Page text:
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8 of 9 people found the following review helpful:Great early Infocom game, February 1, 2019
by Michael Roberts (Seattle, Washington)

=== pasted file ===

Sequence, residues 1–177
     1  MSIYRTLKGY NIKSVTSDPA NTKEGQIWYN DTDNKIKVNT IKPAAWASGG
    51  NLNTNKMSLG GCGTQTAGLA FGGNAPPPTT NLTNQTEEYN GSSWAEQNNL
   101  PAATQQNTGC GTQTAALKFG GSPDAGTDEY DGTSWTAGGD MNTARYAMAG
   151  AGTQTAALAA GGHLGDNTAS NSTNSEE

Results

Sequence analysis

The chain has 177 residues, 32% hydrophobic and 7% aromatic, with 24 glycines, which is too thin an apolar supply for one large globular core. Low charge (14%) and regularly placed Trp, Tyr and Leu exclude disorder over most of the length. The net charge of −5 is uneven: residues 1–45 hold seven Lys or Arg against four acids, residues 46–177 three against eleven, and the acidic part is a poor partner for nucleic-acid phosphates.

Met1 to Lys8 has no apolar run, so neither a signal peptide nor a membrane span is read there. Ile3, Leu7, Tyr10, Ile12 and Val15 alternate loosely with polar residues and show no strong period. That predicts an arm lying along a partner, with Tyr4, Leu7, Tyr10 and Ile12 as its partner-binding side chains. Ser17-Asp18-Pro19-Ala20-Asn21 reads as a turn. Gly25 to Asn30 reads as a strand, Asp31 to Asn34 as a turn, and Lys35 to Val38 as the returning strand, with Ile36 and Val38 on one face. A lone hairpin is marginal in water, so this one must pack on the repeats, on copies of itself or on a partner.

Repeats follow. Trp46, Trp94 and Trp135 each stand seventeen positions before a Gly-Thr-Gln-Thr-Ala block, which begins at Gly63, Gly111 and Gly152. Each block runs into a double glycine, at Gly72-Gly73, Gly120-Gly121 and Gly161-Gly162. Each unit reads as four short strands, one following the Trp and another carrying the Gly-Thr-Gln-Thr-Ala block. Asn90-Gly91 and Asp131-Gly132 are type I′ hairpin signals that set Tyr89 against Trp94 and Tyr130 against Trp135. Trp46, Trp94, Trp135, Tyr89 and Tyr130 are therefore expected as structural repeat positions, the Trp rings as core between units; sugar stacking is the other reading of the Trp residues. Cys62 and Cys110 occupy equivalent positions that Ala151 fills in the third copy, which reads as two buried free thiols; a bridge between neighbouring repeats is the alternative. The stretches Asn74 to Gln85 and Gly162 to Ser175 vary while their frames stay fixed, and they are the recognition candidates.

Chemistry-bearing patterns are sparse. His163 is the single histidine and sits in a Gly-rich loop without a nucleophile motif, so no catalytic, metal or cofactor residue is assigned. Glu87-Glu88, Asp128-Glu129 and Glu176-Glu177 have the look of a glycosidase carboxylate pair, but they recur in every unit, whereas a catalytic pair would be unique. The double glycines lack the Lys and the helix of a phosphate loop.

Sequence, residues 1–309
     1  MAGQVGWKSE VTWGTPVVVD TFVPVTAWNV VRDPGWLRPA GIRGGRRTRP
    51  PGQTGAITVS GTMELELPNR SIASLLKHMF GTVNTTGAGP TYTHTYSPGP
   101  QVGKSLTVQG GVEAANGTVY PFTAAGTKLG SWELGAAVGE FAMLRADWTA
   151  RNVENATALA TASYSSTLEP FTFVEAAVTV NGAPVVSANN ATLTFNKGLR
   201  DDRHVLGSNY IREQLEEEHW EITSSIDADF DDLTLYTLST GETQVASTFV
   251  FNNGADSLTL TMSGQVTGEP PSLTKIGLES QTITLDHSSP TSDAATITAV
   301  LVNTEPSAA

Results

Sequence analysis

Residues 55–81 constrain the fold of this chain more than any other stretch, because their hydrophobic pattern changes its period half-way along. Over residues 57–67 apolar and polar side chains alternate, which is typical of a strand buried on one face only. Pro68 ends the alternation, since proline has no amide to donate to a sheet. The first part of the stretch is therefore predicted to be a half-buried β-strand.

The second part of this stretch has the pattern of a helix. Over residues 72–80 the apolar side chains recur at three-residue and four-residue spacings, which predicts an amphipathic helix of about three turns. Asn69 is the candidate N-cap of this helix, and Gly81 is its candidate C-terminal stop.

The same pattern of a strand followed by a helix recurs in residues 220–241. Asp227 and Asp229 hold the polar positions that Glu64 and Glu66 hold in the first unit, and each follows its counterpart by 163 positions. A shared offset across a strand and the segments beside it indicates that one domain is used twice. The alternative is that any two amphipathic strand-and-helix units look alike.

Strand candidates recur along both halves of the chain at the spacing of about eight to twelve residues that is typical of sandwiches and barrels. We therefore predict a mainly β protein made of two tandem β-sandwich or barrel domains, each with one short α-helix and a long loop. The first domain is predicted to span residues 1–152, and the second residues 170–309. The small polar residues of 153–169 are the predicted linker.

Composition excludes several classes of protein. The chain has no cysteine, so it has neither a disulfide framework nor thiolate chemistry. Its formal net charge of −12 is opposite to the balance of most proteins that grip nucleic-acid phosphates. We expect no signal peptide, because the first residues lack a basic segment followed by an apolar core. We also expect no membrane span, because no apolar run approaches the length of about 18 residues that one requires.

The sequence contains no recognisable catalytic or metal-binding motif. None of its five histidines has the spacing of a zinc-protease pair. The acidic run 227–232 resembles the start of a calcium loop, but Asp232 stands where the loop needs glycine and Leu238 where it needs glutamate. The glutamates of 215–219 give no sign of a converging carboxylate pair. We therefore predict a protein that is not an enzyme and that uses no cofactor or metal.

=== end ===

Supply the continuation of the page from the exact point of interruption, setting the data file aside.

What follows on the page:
This is one of my favorite Infocom games. I think it stands out as an important transitional game in Infocom's early years that was hugely influential on their later games, and we all know Infocom was hugely influential on IF in general. One of Planetfall's best-known innovations is of course Floyd, probably the first attempt at an NPC sidekick. The bag of tricks the game used to make Floyd seem continuously present and interactive formed the basis of NPCs in countless subsequent works. The innovation that was more important to me, though, was less about technology and more about the game design philosophy. Planetfall was deliberately designed to be fair to the player. It probably doesn't qualify as "merciful" by modern standards, as it did let you back yourself into an unwinnable corner, but its puzzles were logical, consistent, and well clued; at no point did you have to read the author's mind or exhaustively try every VERB+OBJECT combination. That was a huge break from the fashion of the time, which conceived of the adventure game as a contest between designer and player without any constraints on the designer's sadistic omnipotence. There was a certain pleasure in beating a game that had such blatantly unfair rules, but even the most obsessive players got tired of that after seeing one or two such games. IF wouldn't have endured (even to the limited extent it has) if the design philosophy behind Planetfall hadn't come about.
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